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Shanghai serving as haven for Jewish refugees during wartime

Editor: Li Kun 丨CCTV.com

08-21-2015 16:02 BJT

By Dr. Wang Jian, a professor of history and international political economy at the Shanghai Academy of Social Sciences (SASS)

From 1933 to 1941, nearly 30,000 European Jews escaped from Nazi persecution and found their Noah’s Ark in Shanghai. According to reports from the local Jewish newspaper ’Israel’s Messenger’, the peak of refugees poured into the city shortly after Kristallnacht in November 1938.

On November 24, the ship carried about 200 refugees to Shanghai, and gradually the figures had risen to surpass 1,000 per month and until the end of August 1939, total refugees accounted for 16,000.

Considering the accommodations, a restriction decree was announced in August 1939 by the Municipal Council and the Japanese authority in Shanghai. Afterwards, the number of refugees had dropped sharply. But still more than 6,000 refugees came to Shanghai through various means.

In 1941, the annual report of the Committee for Assistance of European Refugees in Shanghai announced it had received 23,310 Jewish refugees by the end of last year. Afterwards, the number changed since some refugees arrived from Siberia, northeast China, Korea and Japan while some left Shanghai. Accordingly, Shanghai had sheltered around 25,000 Jewish refugees during World War II.

Some refugees had passed by other Chinese cities and lived there for various reasons.  The Chinese cities of Harbin, Dalian, Qingdao, Tianjin had welcomed at least 1,500 Jewish refugees. 

Refugees came to Shanghai because after the August 13 Incident in 1937, Japanese troops occupied most parts of Shanghai, but did not invade the city’s International Settlement and French Concession, which were transformed into ‘isolated islands’. The Chinese government was powerless to continue its control of the Shanghai region. Consequently, Shanghai was the only metropolis in the world where foreigners could enter without visas and financial guarantees from 1937 to 1939. It is attracted to the Central-European Jewish refugees, because most of them left penniless and many had just escaped from concentration camps.

Although Shanghai had an open door to refugees, they still needed visa to let the Nazi believe that they would leave. Without a visa, they could have been sent to a concentration camp.

They were desperate, but no countries opened doors for them. But at that time, a heroic Chinese diplomat, Ho Feng-shan, the Chinese consul-general in Vienna, had signed thousands of visas for Jewish refugees.

It’s difficult to determine the exact number of “life visas” during Ho’s term from March 1938 to May 1940. However, a Jewish refugee’s passport was signed with visa No. 238 on June 1938, while only a month later, another passport’s visa number exceeded No. 1,200. He signed nearly 1000 visas a month.

And from August 1938 to August 1939, when around 4,000 Austrian Jews traveled to Shanghai, most had arrived with Ho’s visas. Additionally, many Jewish people used the China visa as a certificate to escape from concentration camps, and went to other places such as Palestine.

Mr. Ho had signed at least 5,000 visas for Jewish refugees. The number was greater than the 3,500 visas signed by Sugihara Chiune, Japanese Vice-Consul in Lithuania. He faced tremendous pressure from his superior, Chinese ambassador to Germany, Chen Jie, who thought it would harm Sino-German relations.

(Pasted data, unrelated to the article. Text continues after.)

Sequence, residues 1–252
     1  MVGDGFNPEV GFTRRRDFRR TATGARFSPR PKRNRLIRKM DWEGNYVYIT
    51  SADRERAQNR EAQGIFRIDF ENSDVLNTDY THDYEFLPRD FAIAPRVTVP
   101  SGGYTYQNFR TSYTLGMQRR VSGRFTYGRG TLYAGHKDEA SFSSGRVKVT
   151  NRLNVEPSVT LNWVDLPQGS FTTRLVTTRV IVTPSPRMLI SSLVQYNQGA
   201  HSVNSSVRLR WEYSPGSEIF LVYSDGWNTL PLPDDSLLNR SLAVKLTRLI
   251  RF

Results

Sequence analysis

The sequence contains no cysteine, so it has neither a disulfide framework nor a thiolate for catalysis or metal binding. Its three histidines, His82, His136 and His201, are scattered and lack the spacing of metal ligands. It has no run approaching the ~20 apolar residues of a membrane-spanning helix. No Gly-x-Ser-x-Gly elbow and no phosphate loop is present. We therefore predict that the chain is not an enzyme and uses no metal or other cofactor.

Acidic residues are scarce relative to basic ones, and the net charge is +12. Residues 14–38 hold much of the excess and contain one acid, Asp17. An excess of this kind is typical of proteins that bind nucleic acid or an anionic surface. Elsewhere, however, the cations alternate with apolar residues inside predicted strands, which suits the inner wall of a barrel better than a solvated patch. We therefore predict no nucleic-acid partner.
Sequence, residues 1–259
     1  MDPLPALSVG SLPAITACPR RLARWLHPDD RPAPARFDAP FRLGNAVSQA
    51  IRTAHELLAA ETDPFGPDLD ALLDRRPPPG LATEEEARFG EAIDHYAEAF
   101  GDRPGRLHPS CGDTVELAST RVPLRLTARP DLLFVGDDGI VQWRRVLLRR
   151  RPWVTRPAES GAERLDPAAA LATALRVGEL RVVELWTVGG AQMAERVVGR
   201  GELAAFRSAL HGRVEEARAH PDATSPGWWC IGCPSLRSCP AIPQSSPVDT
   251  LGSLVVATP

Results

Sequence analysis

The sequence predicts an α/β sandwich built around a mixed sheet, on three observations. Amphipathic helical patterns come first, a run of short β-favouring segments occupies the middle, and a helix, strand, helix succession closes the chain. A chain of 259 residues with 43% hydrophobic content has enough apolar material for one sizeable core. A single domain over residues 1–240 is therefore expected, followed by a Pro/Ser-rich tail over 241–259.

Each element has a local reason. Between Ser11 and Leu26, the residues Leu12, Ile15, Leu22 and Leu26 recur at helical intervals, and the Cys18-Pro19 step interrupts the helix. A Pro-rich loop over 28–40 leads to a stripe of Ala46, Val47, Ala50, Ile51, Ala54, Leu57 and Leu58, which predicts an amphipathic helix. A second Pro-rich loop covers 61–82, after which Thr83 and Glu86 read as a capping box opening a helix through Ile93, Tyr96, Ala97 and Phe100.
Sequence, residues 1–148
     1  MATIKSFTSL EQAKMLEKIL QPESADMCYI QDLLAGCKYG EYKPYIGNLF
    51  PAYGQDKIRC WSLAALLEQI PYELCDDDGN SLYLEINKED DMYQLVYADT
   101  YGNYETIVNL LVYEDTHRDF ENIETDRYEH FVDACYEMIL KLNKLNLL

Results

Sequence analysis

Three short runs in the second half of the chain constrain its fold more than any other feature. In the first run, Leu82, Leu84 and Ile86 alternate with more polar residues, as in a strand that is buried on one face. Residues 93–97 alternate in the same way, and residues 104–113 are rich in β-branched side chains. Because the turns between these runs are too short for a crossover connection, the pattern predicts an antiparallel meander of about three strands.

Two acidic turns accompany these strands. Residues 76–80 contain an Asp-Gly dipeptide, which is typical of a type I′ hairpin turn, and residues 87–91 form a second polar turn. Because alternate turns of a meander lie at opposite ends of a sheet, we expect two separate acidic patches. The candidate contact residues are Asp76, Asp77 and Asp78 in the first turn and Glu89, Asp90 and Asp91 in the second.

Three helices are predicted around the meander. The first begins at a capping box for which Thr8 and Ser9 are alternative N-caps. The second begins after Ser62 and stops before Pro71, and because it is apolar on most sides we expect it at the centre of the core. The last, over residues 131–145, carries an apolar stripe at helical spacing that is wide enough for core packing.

When Jewish refugees arrived in Shanghai,they were assisted by the local Jewish assistance organizations, the international Jewish assistance organs such as the American Jewish Joint Distribution Committee, and local Chinese people. They felt a friendly atmosphere, especially when they were in trouble.

Yet the Nazis didn’t ignore them. In 1942, German Colonel Josef Albert Meisinger visited Shanghai requesting the Japanese eliminate them. The Meisinger plan included starvation on freighters off the coast of China and to build a concentration camp on Chongming Island.

After the Pearl Harbor attack on December 7, 1941, the value of the Jewish presence in China became meaningless for Japanese officials. They once proposed the so-called  “fugu plan” to use them to develop Manchuria and to maintain good relations with the US; but they still thought that if they carried the “Meisinger plan”, they would provoke outrage from the worldwide Jewish community.

Unwilling to spark a Jewish massacre, the Japanese authority had decided to construct a ghetto in Hongkou, a one-square-mile area named the Designated Area for Stateless Refugees, where approximately 16,000 Jewish refugees were relocated to live here since 1943.

The measure the Japanese had taken is similar to what they had done to the city’s allied nationals, who was forced into interment camps. This meant that the Japanese authority had changed their attitude on the Jews from considering them a valuable resource to a dangerous target as the alien enemy. Hence, Jewish life in the ghetto from then on was miserable as the Jews had lost their cherished freedoms.


( The opinions expressed here do not necessarily reflect the opinions of Panview or CCTV.com. )



Panview offers a new window of understanding the world as well as China through the views, opinions, and analysis of experts. We also welcome outside submissions, so feel free to send in your own editorials to "globalopinion@vip.cntv.cn" for consideration.

Panview offers an alternative angle on China and the rest of the world through the analyses and opinions of experts. We also welcome outside submissions, so feel free to send in your own editorials to "globalopinion@vip.cntv.cn" for consideration.


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